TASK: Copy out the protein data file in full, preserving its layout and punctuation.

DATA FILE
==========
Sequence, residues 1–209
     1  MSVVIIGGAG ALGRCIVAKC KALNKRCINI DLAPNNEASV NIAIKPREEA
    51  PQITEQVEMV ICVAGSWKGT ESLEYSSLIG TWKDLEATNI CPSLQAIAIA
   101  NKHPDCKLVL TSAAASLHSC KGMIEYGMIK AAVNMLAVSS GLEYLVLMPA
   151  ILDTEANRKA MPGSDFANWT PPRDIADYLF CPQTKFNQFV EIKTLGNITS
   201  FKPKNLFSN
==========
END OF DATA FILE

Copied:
Sequence, residues 1–209
     1  MSVVIIGGAG ALGRCIVAKC KALNKRCINI DLAPNNEASV NIAIKPREEA
    51  PQITEQVEMV ICVAGSWKGT ESLEYSSLIG TWKDLEATNI CPSLQAIAIA
   101  NKHPDCKLVL TSAAASLHSC KGMIEYGMIK AAVNMLAVSS GLEYLVLMPA
   151  ILDTEANRKA MPGSDFANWT PPRDIADYLF CPQTKFNQFV EIKTLGNITS
   201  FKPKNLFSN